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Brazil bishops grapple with court ruling prohibiting homophobia


FotoRua | NurPhoto | AFP

John Burger - published on 06/26/19 - updated on 06/26/19

Catholic leaders warn of violations to religious freedom as legislature takes up issue.

The Supreme Court of Brazil ruled earlier this month that “homophobia” should be criminalized, and as the country waits for the legislature to act on that decision, bishops of the majority Catholic nation have cautioned authorities not to trample religious liberty.

“We hope the competent authorities recognize themselves as pilgrims in search of the truth and not as the owners of the truth,” Bishop Walmor Oliveira de Azevedo, the president of the National Conference of Bishops of Brazil (NCBB), said in an article published on the conference’s website. “Therefore, they will realize that the freedom of religion, secured by the Federal Constitution, presupposes the preservation of moral codes rooted in faith. This way, they will respect freedom of religion in judiciary decisions concerning the criminalization of homophobia.”

Bishop Oliveira said that the Catholic Church “has the duty of informing and guiding its followers on matrimony and family, according to the Christian perspective.” Such a mission cannot be considered as an offense against persons or groups, he said.

On June 13, Brazil’s Supreme Court ruled that actions based on “homophobia” should be, like racism, against the law. The court decision will be valid until Congress passes legislation to regulate the issue.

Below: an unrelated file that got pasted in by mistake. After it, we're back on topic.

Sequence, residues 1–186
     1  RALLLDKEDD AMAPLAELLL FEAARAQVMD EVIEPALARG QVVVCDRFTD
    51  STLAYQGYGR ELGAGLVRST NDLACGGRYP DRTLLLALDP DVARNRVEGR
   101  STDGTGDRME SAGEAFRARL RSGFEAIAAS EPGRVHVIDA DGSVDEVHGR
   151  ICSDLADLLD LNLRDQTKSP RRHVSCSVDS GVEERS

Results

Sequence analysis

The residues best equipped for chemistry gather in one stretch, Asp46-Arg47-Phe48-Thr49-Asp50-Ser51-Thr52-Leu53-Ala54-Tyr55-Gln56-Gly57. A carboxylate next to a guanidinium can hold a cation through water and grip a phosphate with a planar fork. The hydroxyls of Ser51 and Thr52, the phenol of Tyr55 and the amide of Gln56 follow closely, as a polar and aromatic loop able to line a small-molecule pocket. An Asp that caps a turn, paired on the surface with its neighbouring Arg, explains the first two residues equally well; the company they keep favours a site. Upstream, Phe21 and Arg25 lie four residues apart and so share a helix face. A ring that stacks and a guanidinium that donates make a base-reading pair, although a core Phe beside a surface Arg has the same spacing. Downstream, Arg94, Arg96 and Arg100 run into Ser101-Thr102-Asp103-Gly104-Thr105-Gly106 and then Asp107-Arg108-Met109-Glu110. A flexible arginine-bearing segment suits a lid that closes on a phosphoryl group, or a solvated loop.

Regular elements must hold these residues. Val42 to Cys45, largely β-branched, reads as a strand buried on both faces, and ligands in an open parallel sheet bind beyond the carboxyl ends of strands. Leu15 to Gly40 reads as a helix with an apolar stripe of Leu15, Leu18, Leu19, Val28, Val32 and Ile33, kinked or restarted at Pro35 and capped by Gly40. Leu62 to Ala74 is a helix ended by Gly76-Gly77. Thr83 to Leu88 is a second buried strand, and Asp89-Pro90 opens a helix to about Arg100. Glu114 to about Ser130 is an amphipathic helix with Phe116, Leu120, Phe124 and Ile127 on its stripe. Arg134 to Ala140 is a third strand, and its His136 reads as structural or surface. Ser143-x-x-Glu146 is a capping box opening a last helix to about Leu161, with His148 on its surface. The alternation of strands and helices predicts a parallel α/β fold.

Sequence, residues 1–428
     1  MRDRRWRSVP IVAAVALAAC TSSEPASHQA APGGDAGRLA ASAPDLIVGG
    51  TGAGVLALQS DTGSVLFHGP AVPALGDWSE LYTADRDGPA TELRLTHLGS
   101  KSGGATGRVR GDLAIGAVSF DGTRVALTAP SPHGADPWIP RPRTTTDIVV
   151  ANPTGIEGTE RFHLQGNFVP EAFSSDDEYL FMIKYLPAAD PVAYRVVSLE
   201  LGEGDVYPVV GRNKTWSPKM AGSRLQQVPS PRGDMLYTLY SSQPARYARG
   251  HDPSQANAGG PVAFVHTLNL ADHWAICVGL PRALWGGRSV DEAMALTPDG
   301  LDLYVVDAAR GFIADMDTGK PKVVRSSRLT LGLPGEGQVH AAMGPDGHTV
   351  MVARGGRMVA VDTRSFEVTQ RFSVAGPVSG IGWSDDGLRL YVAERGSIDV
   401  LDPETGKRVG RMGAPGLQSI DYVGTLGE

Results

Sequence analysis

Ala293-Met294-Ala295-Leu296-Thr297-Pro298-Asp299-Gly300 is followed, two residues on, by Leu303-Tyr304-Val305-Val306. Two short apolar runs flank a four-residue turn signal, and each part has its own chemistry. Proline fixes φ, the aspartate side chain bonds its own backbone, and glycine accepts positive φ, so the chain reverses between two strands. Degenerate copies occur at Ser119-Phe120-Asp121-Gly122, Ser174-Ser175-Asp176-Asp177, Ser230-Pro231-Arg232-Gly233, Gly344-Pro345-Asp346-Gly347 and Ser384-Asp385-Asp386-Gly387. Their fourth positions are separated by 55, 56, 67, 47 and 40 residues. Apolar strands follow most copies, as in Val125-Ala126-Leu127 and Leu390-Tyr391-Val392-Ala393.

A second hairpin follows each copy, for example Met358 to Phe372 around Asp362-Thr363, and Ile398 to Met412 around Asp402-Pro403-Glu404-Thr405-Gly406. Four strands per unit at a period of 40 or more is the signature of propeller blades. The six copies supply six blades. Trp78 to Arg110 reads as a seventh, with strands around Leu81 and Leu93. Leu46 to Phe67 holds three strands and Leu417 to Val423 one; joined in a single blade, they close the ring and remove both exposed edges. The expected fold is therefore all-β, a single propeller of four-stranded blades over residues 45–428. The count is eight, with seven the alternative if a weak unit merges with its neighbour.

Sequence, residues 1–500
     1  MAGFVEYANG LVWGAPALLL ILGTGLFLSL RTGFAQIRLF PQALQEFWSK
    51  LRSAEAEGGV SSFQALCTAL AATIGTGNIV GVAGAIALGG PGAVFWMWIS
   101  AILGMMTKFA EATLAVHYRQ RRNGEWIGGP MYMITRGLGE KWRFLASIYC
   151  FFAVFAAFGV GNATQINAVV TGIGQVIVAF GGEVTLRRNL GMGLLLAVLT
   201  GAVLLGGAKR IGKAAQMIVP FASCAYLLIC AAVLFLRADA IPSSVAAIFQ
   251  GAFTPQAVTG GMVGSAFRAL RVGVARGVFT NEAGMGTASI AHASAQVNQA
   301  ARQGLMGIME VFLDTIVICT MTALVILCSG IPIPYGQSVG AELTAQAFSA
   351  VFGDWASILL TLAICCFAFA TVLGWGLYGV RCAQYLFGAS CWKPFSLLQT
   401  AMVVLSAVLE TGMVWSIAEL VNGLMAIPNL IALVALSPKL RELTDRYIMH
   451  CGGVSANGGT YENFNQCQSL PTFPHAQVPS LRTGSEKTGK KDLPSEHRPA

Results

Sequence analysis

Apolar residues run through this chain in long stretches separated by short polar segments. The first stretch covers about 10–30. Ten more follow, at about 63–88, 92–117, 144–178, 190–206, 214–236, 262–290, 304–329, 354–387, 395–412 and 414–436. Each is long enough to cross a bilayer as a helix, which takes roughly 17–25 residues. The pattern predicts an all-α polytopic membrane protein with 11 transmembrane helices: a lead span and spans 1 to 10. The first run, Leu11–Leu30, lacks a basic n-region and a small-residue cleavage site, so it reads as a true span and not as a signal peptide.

The Church does not “admit any kind of discrimination,” Oliveira affirmed. Rather, it upholds “the importance of the solidarity and respectful welcoming of every person.”

“It is always appropriate to reaffirm: the doctrine of the Catholic Faith does not spread violence, but cherishes a code of conduct engaged in the promotion of life, in all its stages, from conception to the decline with natural death.”

But as the Crux website points out, the Court decision acknowledges religious ministers’ right to “freely preach and publicize, through word, images or any other means, their thought,” provided that does not involve “hate speech, which is understood as the exteriorizations that encourage discrimination, hostility or violence against persons due to their sexual orientation or their gender identity.”

Some observers are wary, though, considering that Brazil’s high court has a track record of “judicial activism.”

“So in the future the Supreme Court’s decision may be interpreted in a different way. That’s why some churches feel insecure,” said Francisco Borba Ribeiro Neto, coordinator of the Center for Faith and Culture at the Pontifical Catholic University of São Paulo, in an interview with Crux.

Religious Freedom
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